GM - Genetically Modified: This is the evil Frankenfood (and, yes, it's one of my soapboxes). These are genetic mutations created in a laboratory by breaking into and fiddling with the DNA directly. These organisms could never be produced in nature because they combine genetic materials from entirely different, non-compatible, families and sometimes even cross kingdoms (plant with animal, etc). That's a bit of an oversimplification, but rest assured that these modifications (mutations!) are created by separating a gene responsible for a desired trait from the donor (usually a bacteria that may have been GM'd itself to produce it), breaking the DNA chain of the target gamete and inserting that gene into the chain where they think it'll produce the same desired result in the host. One thing we know about genes is that they're often responsible for more than one trait, and where you put them sometimes makes a big difference in what you end up with... which is what makes this practice a bit scary when you really think about it. What else is controlled by that gene, and what else is affected by that placement? Do you know? Do THEY? Do they even care as long as they turn a profit? Now you see why I'm a big fan of making farmers post their fields if they're planting GM crops, divulge the animals they're raising are GM (esp. if they're breeding them out!), and all GM foods being labeled in the market!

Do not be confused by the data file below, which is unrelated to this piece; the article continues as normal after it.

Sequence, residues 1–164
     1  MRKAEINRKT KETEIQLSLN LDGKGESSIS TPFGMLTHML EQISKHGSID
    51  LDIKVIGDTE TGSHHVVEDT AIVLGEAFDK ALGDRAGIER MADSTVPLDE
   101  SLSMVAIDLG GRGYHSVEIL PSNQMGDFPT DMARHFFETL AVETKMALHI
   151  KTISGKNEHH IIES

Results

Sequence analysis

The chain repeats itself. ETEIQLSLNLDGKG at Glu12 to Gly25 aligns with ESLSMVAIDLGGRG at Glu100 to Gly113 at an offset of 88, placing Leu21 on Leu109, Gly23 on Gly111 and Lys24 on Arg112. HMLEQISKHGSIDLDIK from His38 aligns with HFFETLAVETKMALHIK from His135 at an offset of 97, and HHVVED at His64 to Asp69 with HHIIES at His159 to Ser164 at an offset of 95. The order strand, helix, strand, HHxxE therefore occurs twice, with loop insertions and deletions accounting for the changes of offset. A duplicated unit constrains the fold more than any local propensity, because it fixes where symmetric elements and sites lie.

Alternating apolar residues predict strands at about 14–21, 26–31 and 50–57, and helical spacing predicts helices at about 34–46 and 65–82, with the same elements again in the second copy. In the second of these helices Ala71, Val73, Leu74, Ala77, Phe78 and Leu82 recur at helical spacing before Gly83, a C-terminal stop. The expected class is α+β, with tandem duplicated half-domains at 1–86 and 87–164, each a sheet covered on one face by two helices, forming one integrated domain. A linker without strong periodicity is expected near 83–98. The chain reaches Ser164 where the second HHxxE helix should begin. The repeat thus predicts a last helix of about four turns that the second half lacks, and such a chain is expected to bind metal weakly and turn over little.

Unfortunately, many GM plants enjoy hybrid vigor almost as much (more in some cases) as their natural F1 hybrid counterparts. This means they may outperform other OP and F1 varieties, including escaping containment (becoming a weed) and cross-pollinating those varieties for several miles around where they are planted... which is a big problem if Farmer Jane is growing organic heirlooms down the road and suddenly gets a bunch of Frankenbastards next year (and gets sued by Monsanto for copyright infringement!). In some cases, the providers of GM seed alter them to be sterile or at least have a suicide gene that kills off the plant in some amount of subsequent generations, and the majority of them do not breed true. This means you can't save the seed and plant it next year (even if Monsanto won't sue you for copyright infringement and licensing violation). However, there's really no telling whether or not the sterility and/or suicide switch will actually work as intended if that plant is actively cross-pollinating with other natural varieties in the wild because Nature is nothing if not fickle and resilient. (You all remember Jurassic Park and the frog DNA, right?) Even if the safeguards do function, we've now possibly corrupted, and effectively destroyed, the genetic purity and diversity of any crop which it cross-pollinated within several miles... and several miles of those... and several miles of those... until it's finally noticed. Mutations can be surprisingly aggressive that way. If you do decide to plant a GM in your garden, please do everyone a favor and pinch off anything that even looks like a flower bud before it opens! Or at least don't move anywhere near me!